To: Physicians, Nursing, Pharmacy
From: Maryna Shayuk, MD, Chair Pharmacy and Therapeutics
Alan Mader, Pharmacy Operations Coordinator
Date: October 15, 2018
Re: Diphenhydramine Injection Shortage
|Diphenhydramine injection supply is critically low. Estimates indicate less than a 2 week supply throughout NM Northwest system.|
|Diphenhydramine has been on shortage. Pharmacy Purchasing has been able to obtain orders up to this point.|
|In order to maintain the limited supply for crash cart exchange, sequestering to pharmacy and therapeutic substitution will need to be instituted.|
|Pharmacy will sequester remaining supply from Pyxis machines to the Pharmacy Department. Therapeutic Substitution will take place as follows:|
Injection to PO – For all patients who can take PO in equivalent dose.
If unable to take PO – Therapeutic substitution to Promethazine Injection in equivalent dose. Doses greater than 25 mg – consult with MD.
Centegra lab will now perform an e-test on all MRSA isolates obtained from a sterile site with microscan mic >=2.
With additional testing e-testing many isolates may have lower had mic of <1.5 expanding options for treatment.
This additional step will take an additional day to report out.
ABIM MOC completion can be done through Uptodate.com
Please see here for more information on the program.
Centegra offers access to uptodate.com for all providers in the health system. Just login from any network computer in the system.
Instructions on remote or mobile access can be found here.
Morphine Injection Shortage 10.18.2017
There is a nationwide shortage of morphine injection that expected to last until early to mid-November. The Pharmacy Department is running very low on supply and expects that the drug will become unavailable. Please consider ordering an alternate injection product for pain management. An opioid dose conversion chart is included below for your convenience.
Oral: Parenteral Ratio
Oral Morphine: Analgesic Ratio
|Morphine||30 mg||10 mg||3 : 1||1 : 1||4 – 6 hrs||3 hrs|
|Oxycodone||20 mg||—||—||1.5 : 1||3 – 5 hrs||4 – 5 hrs|
|Hydromorphone||7.5 mg||2 mg|| 4: 1||4: 1||3 – 4 hrs||2 – 3 hrs|
|Fentanyl||—||100 mcg||—||See Table B on page 2||1 hr||3 – 12 hrs|
|Methadone||20 mg||10 mg||2 : 1||See Table C on page 2||4 – 12 hrs||15 – 50 hrs|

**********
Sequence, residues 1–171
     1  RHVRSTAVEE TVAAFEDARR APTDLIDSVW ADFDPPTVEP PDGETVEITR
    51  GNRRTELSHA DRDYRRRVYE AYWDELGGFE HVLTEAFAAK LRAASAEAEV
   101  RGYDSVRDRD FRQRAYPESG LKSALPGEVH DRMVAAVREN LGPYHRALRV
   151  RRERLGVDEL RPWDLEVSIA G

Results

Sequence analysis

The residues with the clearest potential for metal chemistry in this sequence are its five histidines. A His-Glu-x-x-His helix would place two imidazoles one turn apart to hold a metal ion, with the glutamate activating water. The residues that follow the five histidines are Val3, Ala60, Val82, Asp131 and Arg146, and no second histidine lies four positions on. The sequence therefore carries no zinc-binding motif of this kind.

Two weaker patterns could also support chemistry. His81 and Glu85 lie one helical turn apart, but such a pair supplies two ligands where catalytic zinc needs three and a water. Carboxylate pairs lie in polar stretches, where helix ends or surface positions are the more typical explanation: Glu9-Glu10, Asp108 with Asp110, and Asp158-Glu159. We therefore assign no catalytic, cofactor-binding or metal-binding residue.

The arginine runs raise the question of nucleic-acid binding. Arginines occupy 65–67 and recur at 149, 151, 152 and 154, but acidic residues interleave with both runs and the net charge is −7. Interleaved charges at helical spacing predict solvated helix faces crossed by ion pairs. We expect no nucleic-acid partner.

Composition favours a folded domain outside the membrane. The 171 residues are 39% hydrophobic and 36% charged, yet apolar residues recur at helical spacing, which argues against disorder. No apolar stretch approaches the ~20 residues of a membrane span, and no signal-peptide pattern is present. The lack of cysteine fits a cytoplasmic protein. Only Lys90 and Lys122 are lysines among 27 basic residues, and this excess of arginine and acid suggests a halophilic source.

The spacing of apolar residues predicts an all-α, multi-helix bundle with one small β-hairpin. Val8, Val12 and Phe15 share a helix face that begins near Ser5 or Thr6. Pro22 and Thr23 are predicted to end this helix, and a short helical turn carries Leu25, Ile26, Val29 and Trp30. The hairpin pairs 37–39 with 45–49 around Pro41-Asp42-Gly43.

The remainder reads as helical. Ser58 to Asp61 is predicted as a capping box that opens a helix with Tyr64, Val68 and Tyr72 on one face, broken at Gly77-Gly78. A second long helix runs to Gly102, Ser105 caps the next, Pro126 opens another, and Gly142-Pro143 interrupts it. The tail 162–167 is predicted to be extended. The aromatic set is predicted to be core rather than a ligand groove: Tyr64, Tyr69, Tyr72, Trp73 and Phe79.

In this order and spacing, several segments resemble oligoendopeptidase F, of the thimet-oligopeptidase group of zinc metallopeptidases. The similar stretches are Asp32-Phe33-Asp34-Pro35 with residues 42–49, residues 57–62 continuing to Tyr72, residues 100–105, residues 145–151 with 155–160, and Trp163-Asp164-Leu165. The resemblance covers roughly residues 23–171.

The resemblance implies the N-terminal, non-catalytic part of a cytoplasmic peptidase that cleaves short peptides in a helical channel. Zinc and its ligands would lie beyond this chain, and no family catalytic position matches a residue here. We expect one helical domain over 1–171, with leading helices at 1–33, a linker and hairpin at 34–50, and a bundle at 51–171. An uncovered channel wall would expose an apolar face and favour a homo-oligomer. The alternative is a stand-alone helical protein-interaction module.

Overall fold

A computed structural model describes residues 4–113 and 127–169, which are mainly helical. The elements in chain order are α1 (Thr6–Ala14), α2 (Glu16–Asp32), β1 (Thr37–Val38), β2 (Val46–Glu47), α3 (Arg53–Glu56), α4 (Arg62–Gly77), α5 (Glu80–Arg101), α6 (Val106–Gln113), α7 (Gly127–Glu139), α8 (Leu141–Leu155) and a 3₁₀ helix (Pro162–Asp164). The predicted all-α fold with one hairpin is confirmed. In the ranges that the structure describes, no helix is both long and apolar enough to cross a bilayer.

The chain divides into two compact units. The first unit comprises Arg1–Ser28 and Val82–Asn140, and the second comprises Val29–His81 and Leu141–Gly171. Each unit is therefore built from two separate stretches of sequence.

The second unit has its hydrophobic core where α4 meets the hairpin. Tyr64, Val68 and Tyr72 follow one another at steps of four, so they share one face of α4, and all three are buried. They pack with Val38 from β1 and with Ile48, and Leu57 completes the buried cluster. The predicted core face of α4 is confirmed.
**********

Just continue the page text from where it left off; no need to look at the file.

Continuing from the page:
|Codeine||200 mg||130 mg||1.5 : 1||1 : 7||4 – 6 hrs||3 hrs|
|Hydrocodone||30 mg||—||—||1 : 1||3 – 6 hrs||3 – 4 hrs|
|Meperidine||300 mg||75 mg||4 : 1||1 : 10||2 – 4 hrs||2 – 3 hrs|
|Nalbuphine||—||10 mg||—||1 : 1||3 – 6 hrs||5 hrs|
Starting at 00:00 on Monday, October 2, 2017, the PTT Goal Range for patients at all Centegra hospital campuses will be 45 to 70, with alerts being triggered for values greater than 100.
All “Per Pharmacy Heparin” will be adjusted to the new range with PTT draws after this time.
Keytruda (pembrolizumab) in Patients with Multiple Myeloma: FDA Statement – Two Clinical Trials on Hold
ISSUE: Based on data from two recently halted clinical trials, the U.S. Food and Drug Administration today is issuing this statement to inform the public, health care professionals, and oncology clinical investigators about the risks associated with the use of Keytruda (pembrolizumab) in combination with dexamethasone and an immunomodulatory agent (lenalidomide or pomalidomide) for the treatment of patients with multiple myeloma. Keytruda (pembrolizumab) is not approved for treatment of multiple myeloma.
The FDA statement is based on review of data from two clinical trials (KEYNOTE-183 and KEYNOTE-185) evaluating the use of Keytruda (pembrolizumab) combined with other treatments in patients with multiple myeloma. On July 3, 2017, the FDA required that all patients in these trials be discontinued from further investigation with this drug, because interim results from both trials demonstrated an increased risk of death for patients receiving Keytruda (pembrolizumab) when it was combined with an immunomodulatory agent as compared to the control group (see statistical analysis section below). Merck & Co., Inc. was made aware of the issue through an external data monitoring committee recommendation and suspended the trials to enrollment on June 12, 2017. Continue reading
Pharmacy Services has subscribed to Johns Hopkins ABX Guide for use by all associates at Centegra Health System to support our multidisciplinary approach to the Antimicrobial Stewardship Program Clinical Decision Support Tools and Education
Johns Hopkins ABX Guide is a comprehensive web source that provides regularly updated, evidence-based decision resources regarding antibiotics, diagnosis, pathogens, management of infections and vaccines.
Prior to the Guide, CHS did not have a specific detailed resource for antibiotics clinical decision support.
Johns Hopkins ABX Guide may be accessed through Unbound Medicine’s uCentral as follows:
[4-20-2017] The Food and Drug Administration (FDA) is restricting the use of codeine and tramadol medicines in children. Codeine is approved to treat pain and cough, and tramadol is approved to treat pain. These medicines carry serious risks, including slowed or difficult breathing and death, which appear to be a greater risk in children younger than 12 years, and should not be used in these children. These medicines should also be limited in some older children. Single-ingredient codeine and all tramadol-containing products are FDA-approved only for use in adults. We are also recommending against the use of codeine and tramadol medicines in breastfeeding mothers due to possible harm to their infants. Continue reading